Doctrine of Harmonious Construction
The objective of harmonious construction is to avoid confrontation between two enacting provisions of a statute and to construe the provisions in such a way that they harmonize. The normal presumption is that what the Parliament has given by one hand is not sought to be taken away from another. The origin Of the Doctrine Of Harmonious Construction dates back to the landmark Judgment of Sri Shankari Prasad Singhh Deo v. Union of India, 1951. The disagreement between Part III (Fundamental Rights) and Part IV (Directive Principles of State Policy) of the Constitution of India was the subject of the case.
The Court used the Harmonious Construction Rule to hold that Fundamental Rights, which are rights granted against the State, may be revoked under certain circumstances and modified by Parliament to bring them into compliance with constitutional provisions.
The Five main Principles of the Doctrine of Harmonious Construction are:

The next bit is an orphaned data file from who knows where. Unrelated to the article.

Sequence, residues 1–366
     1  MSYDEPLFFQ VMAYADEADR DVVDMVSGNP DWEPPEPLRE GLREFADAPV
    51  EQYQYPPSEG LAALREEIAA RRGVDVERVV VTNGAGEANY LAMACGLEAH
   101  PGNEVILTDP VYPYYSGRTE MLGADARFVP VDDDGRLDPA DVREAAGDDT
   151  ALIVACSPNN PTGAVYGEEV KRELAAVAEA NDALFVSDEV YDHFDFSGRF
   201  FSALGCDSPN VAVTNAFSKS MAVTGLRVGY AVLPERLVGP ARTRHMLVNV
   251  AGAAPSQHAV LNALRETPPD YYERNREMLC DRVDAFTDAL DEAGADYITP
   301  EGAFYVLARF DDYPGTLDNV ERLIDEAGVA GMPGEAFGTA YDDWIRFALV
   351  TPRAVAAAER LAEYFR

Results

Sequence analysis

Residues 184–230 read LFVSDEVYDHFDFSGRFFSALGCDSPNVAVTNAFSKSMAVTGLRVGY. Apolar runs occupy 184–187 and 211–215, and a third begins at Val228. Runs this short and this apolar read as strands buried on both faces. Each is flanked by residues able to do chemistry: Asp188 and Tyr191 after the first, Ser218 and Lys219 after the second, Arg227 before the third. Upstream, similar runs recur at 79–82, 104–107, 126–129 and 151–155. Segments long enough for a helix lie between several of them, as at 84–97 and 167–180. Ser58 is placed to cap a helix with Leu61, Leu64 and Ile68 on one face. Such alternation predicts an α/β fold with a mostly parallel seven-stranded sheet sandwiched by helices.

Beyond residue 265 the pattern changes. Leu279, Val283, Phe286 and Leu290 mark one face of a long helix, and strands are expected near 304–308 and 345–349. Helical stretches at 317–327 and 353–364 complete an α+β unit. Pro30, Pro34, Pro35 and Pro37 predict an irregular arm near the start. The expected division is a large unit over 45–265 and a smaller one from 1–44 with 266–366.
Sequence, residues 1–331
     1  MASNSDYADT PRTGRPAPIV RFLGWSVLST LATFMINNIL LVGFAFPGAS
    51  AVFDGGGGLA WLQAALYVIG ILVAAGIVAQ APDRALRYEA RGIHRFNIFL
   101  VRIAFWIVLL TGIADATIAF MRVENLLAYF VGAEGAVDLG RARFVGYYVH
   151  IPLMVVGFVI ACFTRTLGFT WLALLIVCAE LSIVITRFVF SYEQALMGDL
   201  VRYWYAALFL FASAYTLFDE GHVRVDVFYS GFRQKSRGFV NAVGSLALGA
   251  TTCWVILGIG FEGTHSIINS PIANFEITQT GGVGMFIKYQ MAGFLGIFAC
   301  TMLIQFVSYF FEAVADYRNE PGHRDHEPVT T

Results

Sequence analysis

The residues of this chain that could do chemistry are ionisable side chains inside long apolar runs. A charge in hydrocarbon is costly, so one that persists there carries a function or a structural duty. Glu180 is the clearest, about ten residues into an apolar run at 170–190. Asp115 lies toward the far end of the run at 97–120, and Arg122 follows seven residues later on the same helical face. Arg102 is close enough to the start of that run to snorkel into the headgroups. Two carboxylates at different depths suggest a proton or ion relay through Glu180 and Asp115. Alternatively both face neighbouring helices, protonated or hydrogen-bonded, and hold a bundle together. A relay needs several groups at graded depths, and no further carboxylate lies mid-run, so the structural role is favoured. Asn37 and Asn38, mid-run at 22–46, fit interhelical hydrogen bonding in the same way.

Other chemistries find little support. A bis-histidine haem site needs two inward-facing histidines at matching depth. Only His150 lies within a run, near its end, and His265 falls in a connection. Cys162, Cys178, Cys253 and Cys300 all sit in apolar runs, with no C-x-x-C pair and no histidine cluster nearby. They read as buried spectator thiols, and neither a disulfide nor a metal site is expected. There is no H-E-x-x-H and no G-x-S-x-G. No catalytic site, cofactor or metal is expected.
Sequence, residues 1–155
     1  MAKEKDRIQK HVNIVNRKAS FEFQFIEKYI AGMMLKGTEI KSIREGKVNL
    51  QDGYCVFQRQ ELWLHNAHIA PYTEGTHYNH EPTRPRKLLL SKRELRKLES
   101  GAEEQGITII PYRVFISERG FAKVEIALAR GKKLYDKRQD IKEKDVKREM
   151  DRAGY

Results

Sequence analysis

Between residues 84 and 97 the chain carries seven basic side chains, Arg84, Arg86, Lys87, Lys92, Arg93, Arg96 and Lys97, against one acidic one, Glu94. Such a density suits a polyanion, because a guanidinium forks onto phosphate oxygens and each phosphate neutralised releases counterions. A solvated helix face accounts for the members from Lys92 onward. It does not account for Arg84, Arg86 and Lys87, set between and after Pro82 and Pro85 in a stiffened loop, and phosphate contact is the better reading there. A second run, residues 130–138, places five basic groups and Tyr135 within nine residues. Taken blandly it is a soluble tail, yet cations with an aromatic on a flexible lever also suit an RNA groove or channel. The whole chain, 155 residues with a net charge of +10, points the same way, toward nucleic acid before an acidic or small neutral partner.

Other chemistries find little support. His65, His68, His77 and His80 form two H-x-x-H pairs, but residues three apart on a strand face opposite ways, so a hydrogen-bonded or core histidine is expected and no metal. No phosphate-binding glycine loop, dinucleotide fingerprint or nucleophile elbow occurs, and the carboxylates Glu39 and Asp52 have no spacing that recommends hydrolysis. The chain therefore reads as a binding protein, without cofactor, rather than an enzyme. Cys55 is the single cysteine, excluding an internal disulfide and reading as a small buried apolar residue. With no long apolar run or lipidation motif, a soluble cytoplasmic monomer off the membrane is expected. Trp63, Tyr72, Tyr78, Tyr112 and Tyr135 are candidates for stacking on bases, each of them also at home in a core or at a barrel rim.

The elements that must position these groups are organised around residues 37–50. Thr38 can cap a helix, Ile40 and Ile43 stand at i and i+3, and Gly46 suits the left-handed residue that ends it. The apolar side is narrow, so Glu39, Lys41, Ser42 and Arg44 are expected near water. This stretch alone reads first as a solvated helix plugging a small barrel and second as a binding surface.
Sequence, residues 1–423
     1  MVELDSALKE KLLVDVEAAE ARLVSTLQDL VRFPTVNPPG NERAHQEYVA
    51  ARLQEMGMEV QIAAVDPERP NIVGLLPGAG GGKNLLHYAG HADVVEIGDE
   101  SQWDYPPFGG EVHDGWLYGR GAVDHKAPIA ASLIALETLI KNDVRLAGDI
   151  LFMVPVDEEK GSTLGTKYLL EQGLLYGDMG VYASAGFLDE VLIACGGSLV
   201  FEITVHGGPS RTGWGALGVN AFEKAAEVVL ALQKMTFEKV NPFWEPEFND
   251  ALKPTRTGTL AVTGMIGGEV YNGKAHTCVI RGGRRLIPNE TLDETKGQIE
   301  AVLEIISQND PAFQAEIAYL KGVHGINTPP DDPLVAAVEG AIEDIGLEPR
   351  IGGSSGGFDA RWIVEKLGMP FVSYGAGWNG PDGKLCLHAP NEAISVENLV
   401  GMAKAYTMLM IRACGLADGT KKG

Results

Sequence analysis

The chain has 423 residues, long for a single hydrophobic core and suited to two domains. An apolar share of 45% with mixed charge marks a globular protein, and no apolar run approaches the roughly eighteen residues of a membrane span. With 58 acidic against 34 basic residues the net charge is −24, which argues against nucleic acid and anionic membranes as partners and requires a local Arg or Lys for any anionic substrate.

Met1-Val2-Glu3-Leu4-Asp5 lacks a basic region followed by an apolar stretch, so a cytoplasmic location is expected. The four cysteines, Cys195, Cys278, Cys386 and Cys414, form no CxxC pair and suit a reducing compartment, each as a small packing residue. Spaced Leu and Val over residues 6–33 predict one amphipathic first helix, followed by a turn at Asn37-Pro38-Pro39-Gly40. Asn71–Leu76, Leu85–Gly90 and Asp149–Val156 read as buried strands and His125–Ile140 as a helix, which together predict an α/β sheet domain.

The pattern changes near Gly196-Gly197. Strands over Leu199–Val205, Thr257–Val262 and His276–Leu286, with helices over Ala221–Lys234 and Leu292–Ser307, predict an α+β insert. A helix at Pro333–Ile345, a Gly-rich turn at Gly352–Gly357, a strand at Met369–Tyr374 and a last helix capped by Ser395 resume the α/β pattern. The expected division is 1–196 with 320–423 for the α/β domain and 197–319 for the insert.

- The provision of one section cannot be used to defeat the provision contained in another unless the Court, despite all its effort, cannot find a way to reconcile their differences.
- Courts must also remember that interpretation that reduces one provision to a useless number or dead is not harmonious construction.
- The Courts must avoid a head-on clash of seemingly contradicting provisions and construe the contradictory provisions to harmonize them.
- When it is impossible to reconcile the differences in contradictory provisions completely, the Courts must interpret them so that effect is given to both the provisions as much as possible.
- To harmonize is not to destroy any statutory provision or to render it fruitless.